For a long time, the only name in true Indian single malt was Amrut, and I think it’s fair to say that Amrut introduced the world to Indian Single Malt Whisky and single-handedly created the category. Shortly after in 2012, former producer of molasses-based blended “whiskies”, John Distilleries (based in Bangalore, India) launched its Paul John single-malt whisky at a separate distillery in Goa.
As Goa is located squarely in the tropics, high heat causes barrel strength to increase in the cask as more water than alcohol evaporates. This sort of “reverse Angel’s Share” also occurs in other parts of the world, such as Kentucky in the USA, and isn’t as simple as it sounds. If you’re interested in the physics of it, this is a great overview. Like other hot areas of the world, whisky matures much faster in India (and Taiwan, and Kentucky) than in Scotland.
“Brilliance” is distilled from Himalayan 6-row barley and aged in ex-bourbon barrels for around 6 years, and is bottled at 46% ABV without chill filtration or added color. Remember that since whisky ages faster in India, 3 – 5 years is equivalent to 10 – 15 years in Scotland.
Nose: Earthy, spiced fragrance that reminds me of patchouli. Caramelized roasted plantains, buttered popcorn, and butterscotch. Nutty, with buttery peanuts, cashews, and sweetened dried coconut. Flan with caramel sauce. Unusual, but compelling.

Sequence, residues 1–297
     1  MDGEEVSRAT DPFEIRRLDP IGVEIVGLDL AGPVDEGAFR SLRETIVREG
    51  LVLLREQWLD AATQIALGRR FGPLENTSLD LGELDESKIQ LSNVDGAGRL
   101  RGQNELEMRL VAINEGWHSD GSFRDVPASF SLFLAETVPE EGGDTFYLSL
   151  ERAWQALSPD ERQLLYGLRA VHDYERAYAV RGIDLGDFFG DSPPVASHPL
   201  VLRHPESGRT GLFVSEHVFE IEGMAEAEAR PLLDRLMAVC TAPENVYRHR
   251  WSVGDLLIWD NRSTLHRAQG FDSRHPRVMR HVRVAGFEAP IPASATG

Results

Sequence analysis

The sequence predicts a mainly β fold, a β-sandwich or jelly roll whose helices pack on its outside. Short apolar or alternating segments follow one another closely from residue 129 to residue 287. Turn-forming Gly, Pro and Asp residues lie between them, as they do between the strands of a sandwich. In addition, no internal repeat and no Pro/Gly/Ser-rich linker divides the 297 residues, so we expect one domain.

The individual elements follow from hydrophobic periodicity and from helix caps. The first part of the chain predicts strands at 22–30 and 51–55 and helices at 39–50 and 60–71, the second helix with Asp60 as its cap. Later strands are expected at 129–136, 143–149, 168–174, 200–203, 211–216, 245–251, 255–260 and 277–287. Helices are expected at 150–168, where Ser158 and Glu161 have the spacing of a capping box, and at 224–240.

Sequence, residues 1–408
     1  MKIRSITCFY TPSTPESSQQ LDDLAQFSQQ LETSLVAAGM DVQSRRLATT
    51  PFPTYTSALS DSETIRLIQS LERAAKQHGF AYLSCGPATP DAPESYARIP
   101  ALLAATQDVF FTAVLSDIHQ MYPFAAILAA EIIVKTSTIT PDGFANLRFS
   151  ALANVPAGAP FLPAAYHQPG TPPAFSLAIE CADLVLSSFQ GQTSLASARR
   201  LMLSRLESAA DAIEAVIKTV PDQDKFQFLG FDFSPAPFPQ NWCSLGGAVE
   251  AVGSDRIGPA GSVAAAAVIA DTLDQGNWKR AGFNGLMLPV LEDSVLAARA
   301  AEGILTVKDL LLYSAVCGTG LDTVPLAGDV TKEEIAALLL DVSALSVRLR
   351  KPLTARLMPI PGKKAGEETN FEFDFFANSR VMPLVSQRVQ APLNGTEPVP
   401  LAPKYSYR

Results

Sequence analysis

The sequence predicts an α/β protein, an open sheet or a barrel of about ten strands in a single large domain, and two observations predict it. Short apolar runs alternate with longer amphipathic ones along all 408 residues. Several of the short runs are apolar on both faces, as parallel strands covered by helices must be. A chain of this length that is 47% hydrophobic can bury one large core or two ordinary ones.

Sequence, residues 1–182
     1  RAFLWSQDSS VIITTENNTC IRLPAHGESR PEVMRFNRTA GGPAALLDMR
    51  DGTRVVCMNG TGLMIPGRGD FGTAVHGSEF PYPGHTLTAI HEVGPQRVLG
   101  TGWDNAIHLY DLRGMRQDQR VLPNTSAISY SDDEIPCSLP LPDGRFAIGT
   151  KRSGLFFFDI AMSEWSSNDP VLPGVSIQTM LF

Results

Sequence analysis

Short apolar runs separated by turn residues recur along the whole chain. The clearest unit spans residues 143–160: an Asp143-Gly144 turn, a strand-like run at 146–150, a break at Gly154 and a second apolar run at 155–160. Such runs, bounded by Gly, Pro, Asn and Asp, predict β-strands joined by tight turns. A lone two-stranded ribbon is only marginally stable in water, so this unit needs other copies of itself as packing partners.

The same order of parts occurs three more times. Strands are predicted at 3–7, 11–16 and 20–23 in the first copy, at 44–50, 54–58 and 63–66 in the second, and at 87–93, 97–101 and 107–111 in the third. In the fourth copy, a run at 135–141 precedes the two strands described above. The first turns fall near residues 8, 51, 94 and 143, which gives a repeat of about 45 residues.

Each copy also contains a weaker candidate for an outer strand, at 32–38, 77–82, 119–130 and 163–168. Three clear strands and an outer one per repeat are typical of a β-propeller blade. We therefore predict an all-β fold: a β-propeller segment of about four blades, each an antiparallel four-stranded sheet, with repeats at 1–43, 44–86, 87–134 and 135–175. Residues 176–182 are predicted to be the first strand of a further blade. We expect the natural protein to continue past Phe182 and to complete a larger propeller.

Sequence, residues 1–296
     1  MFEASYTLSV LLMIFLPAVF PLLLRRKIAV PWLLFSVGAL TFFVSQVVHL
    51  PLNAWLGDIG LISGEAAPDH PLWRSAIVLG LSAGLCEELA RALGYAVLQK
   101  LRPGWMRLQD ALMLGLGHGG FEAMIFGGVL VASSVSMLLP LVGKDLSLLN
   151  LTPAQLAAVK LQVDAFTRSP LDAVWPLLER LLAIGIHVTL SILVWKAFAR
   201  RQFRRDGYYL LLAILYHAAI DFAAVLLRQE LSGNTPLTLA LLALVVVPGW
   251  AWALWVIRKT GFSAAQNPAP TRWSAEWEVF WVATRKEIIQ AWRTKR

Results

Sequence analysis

Palate: Rich, syrupy body. A mild tongue burn is followed by deeply sweet butterscotch candies, nougat, and cardamom.
Finish: Medium-long. Spiced again, with cinnamon, clove, dates, and pistachios. Fades with some oaky resin.
With Water: Several drops of water muddy the aroma, requiring a rest in the glass. The water pulls out a banana note and seems to mute some of the complexity. The palate is a little livelier, as is the finish. I’d skip the water here.
Overall: A very unusual dram. It is distinctly Indian whisky, with notes that I’ve never encountered in Scottish single malts before. The overall impression is of richness and sweetness, with exotic spices and nutty, earthy flavors dotted throughout.
Special Holiday Edition of ScotchNoob: See my review of Paul John “Christmas Edition” 2021!